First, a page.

Legal highs

By Eric Crampton 16/01/2015 2


NZ had something beautiful in its framework for sale of psychoactive substances that hadn’t already otherwise been banned. Show that they’re safe, and you can sell them.

Ross Bell shows how it went wrong from there.

The number of retail outlets for “legal highs” was slashed, from as many as 4000 to fewer than 170. The number of products fell from around 200 to fewer than 50. There was evidence that related hospital admissions fell, along with reports to the National Poisons Centre.
The purge also magnified attention on the remaining outlets, largely unwelcome in their communities. They became a focus for the media. Some looked disreputable when journalists visited. In addition, personal stories of chaos and woe received widespread coverage. That these problems had developed in the unregulated market or were caused by products already removed were of little consequence.
On top of this, an already under-resourced regulatory authority was sluggish to respond. The interim regime was left carrying more weight, and for longer, than had been anticipated. Imports could not be checked for purity as required, and obtaining and delivering certificates of analysis proved a challenge for all concerned. It became difficult to say exactly what was in some products – the very opposite of what had been intended.
Despite these problems, perhaps the real damage was done before the act was even passed. The early, relatively benign synthetic cannabinoids had beenbanned for years. When the act passed, only so-called third-generation cannabimimetics were still legal. Their harms were poorly understood.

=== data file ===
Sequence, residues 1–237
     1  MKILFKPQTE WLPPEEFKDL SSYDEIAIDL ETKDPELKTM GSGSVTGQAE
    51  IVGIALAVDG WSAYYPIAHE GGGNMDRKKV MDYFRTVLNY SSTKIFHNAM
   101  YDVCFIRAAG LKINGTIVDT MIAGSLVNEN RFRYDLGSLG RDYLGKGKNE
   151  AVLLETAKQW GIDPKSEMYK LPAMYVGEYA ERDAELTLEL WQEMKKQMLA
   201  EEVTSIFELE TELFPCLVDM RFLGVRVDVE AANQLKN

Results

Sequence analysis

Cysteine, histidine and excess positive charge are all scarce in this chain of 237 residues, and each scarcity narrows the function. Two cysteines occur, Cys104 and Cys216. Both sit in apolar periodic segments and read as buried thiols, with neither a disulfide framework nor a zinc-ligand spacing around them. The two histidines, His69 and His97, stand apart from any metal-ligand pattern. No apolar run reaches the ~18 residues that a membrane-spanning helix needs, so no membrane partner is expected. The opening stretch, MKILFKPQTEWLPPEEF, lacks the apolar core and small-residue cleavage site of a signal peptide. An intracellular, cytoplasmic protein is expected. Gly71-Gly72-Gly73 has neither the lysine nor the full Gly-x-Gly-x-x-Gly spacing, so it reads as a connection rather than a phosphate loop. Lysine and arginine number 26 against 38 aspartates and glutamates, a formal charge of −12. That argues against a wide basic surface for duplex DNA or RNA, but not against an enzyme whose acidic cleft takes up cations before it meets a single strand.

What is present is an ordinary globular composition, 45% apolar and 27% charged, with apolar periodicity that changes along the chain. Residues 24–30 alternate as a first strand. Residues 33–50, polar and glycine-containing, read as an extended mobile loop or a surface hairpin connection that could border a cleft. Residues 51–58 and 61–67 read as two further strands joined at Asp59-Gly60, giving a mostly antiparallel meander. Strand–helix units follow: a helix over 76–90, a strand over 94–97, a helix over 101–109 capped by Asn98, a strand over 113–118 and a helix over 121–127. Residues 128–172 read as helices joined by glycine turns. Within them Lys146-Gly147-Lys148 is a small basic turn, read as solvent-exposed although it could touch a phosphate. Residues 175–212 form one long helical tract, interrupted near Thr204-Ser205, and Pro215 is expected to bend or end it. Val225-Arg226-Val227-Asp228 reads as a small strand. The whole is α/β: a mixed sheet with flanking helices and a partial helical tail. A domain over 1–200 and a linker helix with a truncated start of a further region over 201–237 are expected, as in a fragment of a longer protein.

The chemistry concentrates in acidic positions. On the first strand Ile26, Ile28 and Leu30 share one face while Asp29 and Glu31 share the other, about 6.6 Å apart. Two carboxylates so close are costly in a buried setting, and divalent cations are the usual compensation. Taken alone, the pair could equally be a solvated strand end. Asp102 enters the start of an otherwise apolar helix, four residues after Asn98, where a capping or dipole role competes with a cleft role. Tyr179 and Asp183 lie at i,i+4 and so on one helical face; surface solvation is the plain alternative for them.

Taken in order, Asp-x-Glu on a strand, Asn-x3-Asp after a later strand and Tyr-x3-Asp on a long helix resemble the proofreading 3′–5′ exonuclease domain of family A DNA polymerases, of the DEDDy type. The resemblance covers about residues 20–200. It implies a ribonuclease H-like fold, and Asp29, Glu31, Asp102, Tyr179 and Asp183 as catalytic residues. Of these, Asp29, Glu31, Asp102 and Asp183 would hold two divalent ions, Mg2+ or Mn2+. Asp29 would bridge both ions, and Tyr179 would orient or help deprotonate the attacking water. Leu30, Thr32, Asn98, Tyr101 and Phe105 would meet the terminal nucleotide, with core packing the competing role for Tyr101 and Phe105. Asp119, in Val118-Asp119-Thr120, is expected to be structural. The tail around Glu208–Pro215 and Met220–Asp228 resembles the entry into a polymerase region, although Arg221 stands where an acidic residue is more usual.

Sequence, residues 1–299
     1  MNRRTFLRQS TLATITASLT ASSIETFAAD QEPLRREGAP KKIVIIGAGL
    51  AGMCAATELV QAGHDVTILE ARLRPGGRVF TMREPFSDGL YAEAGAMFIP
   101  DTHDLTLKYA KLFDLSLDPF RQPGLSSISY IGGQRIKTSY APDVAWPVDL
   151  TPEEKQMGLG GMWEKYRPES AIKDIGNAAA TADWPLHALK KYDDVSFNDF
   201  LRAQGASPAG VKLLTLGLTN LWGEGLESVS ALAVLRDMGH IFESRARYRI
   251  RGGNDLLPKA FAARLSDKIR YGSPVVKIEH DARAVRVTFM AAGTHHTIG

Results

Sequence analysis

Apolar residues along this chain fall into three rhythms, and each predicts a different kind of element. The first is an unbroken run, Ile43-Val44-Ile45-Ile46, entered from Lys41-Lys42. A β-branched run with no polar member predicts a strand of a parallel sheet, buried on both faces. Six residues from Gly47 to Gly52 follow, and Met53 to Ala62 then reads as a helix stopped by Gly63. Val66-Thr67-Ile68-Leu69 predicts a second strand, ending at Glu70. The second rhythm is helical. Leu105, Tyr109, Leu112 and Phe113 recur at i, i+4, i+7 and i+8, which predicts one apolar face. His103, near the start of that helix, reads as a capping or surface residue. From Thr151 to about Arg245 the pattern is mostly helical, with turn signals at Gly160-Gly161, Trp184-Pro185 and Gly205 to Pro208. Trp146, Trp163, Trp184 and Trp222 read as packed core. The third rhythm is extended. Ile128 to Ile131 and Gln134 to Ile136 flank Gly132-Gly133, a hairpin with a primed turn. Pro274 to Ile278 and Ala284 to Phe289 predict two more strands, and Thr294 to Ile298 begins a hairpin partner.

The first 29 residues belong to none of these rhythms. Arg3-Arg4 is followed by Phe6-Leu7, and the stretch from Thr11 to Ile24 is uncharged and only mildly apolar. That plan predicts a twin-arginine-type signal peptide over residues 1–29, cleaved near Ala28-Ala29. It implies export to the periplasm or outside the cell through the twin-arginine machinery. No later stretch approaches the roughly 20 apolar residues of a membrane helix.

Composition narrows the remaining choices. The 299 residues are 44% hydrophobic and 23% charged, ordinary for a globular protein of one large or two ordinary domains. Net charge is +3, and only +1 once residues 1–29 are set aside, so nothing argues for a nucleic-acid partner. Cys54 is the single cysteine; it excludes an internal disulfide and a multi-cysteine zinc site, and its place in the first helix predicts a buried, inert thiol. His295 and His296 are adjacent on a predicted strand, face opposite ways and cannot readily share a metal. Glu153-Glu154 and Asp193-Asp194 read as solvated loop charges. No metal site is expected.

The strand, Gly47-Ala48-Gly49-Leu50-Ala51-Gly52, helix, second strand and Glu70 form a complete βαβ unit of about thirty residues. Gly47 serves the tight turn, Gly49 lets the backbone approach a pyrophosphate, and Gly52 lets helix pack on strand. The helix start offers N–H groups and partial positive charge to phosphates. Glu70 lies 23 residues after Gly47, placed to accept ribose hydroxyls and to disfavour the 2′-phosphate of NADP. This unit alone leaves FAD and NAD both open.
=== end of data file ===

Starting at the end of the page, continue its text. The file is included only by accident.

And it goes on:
In May, amid the media panic, the government rushed through an amendment ending the interim licensing period and removing all the drugs from sale. The act remains in place. Indeed, it’s in good shape. The long-awaited regulations for manufacturing, importing and research and product approvals were signed off in July and are in force. Those for wholesaling and retailing are on track for the second half of 2015.
But one part of the amendment has thrown a bomb into the works. It banned the use of animal testing results, in New Zealand or elsewhere, to show that a product met the “no more than a low risk of harm” standard. But a senior Ministry of Health official said recently that “at this point in time, it is not possible to have a product approved without animal testing”.

As I understand things, there are still a few potential ways through. If something has been proven safe overseas in human trials, that might be good enough.

But it remains profoundly disappointing that New Zealand’s liberal ACT Party, under John Banks, helped to kill substantive real drug law reform through its advocacy for a ban on animal testing. John Banks cares a lot about beagles and that’s lovely. But he, and ACT, did very real harm here.


2 Responses to “Legal highs”

  • a) how does this relate to the post?

    b) there is the world of difference between (animal & in vitro) trials that show some efficacy (the report you linked to uses the word ‘may’ rather a lot) and evidence that the same chemicals have the same effect in humans.

    c) there’s also a world of difference between someone self-medicating by smoking pot, and the research summarised in that report that used one or more active ingredients in carefully controlled doses & concentrations. It’s like claiming that using paprika (or whatever) in cooking will lower eg cholesterol (this is a hypothetical example!): dosage, concentration, & purity are all uncontrolled & likely too low to have any effect.